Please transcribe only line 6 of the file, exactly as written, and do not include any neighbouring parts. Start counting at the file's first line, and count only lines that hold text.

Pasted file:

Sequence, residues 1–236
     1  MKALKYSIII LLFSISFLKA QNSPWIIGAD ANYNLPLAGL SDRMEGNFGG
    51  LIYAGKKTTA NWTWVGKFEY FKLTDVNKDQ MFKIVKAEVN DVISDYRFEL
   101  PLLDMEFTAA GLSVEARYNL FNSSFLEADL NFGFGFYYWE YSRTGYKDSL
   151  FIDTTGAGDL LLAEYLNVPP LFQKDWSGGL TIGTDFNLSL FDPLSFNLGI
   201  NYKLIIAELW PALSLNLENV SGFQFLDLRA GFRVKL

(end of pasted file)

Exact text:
   201  NYKLIIAELW PALSLNLENV SGFQFLDLRA GFRVKL